All About the Treatment of Pneumonia

Depending on the level of severity of pneumonia, a therapeutic approach or another type is used. In some cases, hospitalization may be necessary.
All About the Treatment of Pneumonia

Last update: 01 August, 2021

Along with the flu, pneumonia is the eighth leading cause of death in developed countries like the United States and the leading cause of death from infection, according to the MSD Manual. Therefore, the treatment of pneumonia is crucial.

When an infection (bacterial, mycobacterial, viral, fungal, or parasitic) causes acute inflammation of the lungs, it’s called pneumonia.  This can’t be left untreated as it could be life-threatening.

Depending on the cause, the type of pneumonia (whether it is hospital-acquired pneumonia or community-acquired pneumonia or others), whether the person has a healthy or weakened immune system, among other aspects related to health in general, the treatment can vary.

However, the main objective of treating pneumonia is always to cure the infection and prevent complications such as severe lung injury, excessively low blood pressure, among others.


Treatment of pneumonia includes the use of antibiotics
Antibiotics are often the most widely used drugs in the treatment of pneumonia. It’s important to follow the instructions to the letter in order to avoid therapeutic failures.

The prescription of antibiotic medications (such as azithromycin or erythromycin), antivirals (such as acyclovir), or antifungals (such as fluconazole) isn’t uncommon in the treatment of pneumonia. The most common are antibiotics, since many cases are bacterial in origin.

  • Rapid use of antibiotics reduces the severity of pneumonia and the likelihood of developing complications, some of which can lead to death.
  • According to various sources, broad-spectrum antibiotics are rarely used except in severe cases, among other issues, due to antibiotic resistance.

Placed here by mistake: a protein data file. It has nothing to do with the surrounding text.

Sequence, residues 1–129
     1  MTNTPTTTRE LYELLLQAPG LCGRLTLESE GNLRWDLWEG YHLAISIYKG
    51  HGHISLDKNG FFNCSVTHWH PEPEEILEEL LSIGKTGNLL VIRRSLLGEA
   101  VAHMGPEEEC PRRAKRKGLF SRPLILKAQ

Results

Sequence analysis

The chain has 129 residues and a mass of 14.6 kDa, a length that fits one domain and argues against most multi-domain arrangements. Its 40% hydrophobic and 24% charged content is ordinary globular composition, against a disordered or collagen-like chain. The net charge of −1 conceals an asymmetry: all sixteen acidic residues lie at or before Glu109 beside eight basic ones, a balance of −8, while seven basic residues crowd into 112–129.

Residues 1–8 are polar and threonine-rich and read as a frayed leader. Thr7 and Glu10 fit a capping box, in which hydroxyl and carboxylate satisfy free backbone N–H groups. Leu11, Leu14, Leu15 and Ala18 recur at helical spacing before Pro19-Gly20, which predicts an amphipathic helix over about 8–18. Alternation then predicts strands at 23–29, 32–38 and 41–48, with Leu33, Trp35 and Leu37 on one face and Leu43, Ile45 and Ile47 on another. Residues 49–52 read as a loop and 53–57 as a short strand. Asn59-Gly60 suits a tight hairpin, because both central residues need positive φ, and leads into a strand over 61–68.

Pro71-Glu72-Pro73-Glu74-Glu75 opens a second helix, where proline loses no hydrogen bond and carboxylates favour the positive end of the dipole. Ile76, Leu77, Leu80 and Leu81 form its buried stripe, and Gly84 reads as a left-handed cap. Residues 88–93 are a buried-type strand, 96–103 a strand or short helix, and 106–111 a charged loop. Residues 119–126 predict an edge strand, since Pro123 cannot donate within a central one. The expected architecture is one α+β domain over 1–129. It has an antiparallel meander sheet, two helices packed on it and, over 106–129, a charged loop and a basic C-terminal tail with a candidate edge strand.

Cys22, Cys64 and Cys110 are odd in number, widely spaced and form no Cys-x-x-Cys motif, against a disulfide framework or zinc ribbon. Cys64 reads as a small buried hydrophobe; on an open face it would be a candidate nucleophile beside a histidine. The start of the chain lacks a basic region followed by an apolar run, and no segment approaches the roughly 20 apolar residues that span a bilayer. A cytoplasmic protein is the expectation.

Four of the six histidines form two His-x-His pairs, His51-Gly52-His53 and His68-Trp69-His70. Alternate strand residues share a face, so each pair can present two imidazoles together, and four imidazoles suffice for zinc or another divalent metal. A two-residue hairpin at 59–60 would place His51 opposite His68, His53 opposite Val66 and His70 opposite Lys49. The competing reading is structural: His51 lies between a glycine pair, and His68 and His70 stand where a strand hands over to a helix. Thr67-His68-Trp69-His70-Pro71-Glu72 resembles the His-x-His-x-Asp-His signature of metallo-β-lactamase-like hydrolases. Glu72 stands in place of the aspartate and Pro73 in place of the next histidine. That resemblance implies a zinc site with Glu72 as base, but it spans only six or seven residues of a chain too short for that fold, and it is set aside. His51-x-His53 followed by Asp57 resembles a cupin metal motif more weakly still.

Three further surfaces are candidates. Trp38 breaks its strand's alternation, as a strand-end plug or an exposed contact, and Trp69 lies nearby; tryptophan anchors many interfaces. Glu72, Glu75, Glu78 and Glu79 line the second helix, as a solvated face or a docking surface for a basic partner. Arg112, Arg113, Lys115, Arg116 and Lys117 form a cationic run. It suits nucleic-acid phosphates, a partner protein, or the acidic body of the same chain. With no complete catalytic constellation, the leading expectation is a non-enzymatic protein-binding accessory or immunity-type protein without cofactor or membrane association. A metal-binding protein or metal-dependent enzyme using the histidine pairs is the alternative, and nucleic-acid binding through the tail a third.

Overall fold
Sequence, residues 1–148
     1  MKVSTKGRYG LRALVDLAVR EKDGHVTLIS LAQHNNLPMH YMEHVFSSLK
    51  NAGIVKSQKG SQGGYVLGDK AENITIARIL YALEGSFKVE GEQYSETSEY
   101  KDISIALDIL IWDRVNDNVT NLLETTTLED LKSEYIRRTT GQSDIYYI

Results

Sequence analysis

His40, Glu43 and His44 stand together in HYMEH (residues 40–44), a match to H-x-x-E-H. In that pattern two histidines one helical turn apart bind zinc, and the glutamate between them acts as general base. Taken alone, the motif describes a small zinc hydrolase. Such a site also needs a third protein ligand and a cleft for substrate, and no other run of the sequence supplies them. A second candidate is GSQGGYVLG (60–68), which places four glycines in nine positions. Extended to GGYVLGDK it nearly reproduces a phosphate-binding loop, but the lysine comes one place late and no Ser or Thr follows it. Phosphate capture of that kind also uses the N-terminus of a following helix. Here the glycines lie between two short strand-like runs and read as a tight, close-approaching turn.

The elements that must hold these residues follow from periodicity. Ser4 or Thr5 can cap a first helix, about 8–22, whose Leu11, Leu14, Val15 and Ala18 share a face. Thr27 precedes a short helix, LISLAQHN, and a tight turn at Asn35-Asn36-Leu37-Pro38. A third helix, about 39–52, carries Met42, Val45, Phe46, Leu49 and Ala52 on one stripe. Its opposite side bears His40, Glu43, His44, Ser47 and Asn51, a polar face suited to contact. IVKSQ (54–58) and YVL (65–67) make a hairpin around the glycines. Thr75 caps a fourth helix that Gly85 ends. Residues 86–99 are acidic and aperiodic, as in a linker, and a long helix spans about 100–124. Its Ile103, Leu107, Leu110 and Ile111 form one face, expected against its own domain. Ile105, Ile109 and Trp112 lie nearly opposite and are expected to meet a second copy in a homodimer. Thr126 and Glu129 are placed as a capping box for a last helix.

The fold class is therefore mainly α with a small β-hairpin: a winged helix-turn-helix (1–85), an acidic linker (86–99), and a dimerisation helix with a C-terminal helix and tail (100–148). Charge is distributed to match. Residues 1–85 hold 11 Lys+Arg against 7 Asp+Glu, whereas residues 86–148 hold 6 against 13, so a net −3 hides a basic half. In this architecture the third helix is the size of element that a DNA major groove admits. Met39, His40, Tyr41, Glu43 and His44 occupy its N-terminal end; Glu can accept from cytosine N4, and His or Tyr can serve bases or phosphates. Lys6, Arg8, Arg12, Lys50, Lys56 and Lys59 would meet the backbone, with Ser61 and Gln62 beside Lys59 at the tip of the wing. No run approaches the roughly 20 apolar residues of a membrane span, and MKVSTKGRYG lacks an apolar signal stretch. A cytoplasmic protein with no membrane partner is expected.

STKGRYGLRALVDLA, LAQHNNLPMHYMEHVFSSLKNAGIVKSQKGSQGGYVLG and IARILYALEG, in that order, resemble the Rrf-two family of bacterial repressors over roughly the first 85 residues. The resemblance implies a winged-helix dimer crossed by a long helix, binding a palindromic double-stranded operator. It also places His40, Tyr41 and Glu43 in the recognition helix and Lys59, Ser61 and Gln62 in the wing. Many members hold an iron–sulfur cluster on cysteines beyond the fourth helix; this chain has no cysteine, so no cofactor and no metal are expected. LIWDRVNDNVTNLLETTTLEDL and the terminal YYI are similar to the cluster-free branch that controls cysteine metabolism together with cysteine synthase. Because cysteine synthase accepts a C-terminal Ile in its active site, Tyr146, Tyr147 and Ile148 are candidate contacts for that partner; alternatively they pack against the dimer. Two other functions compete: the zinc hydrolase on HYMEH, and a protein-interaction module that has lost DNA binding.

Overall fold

• Even when antibiotics are used frequently, they aren’t helpful in all cases of pneumonia. Only when it has a bacterial origin can antibiotics be used. For this reason, it isn’t a good idea to try to treat the disease at home with any over-the-counter medicine. Doing so could make things worse.

Over the counter drugs

Over-the-counter pain relievers that can be included in the treatment of pneumonia are acetaminophen, ibuprofen, naxoprene, or aspirin. This will always be after consultation with your doctor, in order to know how to make good use of the medications throughout the treatment.

Fever medications and expectorants are other options. The latter are medications that help expel sputum (either by stimulating the cough reflex or by helping sputum to be more fluid and easier to expel). Bromhexine is an example of this type of drug.

Cough suppressants are contraindicated in the treatment of pneumonia.


Treating pneumonia may require special care
Unfortunately, pneumonia remains one of the leading causes of morbidity and mortality worldwide. Therefore, hospitalization is sometimes required.

As indicated in the MSD Manual, if the person’s condition is so severe that they can’t breathe on their own, has excessively low blood pressure, is dehydrated, confused, and has other signs and symptoms, then they must be hospitalized.

  • People over 65, infants, patients with pre-existing heart or lung disease, and seriously ill people in general are more likely to require hospitalization.

Generally, treatment for pneumonia includes antibiotics, antivirals, or antifungals through an IV at first. Then, as the days go by, the antibiotics are stopped intravenously and administered orally. Oxygen therapy and the administration of intravenous fluids is essential.

In some cases, when the patient is extremely weak, it may be necessary to sedate them and temporarily connect them to a ventilator or mechanical respirator.

Lifestyle and natural remedies

Treatment for pneumonia also includes some lifestyle changes and household measures. Among them, rest and good hydration stand out (mainly with water and natural drinks, such as fruit juices, broths, and soups).

As an adjunct, the following can be used:

  • Drink a cup of coffee, as caffeine has a slight bronchodilator effect, according to some studies.
  • Place a humidifier in the room and keep it well ventilated.
  • Gargle with salt water to relieve a sore throat and remove some of the mucus.
  • Stop smoking and stay away from places where you can smoke passively.
  • It’s a good idea to avoid crowded areas that are full of smoke, perfumes, incense, and others.

Although it’s important to rest and not force yourself to do the activities you normally do, you should avoid staying in bed all the time. Instead, try to sit up, get out of bed, and sit in a chair for a while.

If you’re currently receiving treatment for pneumonia, please be sure to resolve any concerns that may arise with your treating physician. Avoid taking action on your own (such as stopping medication or trying to drastically reduce rest), as it could be counterproductive.

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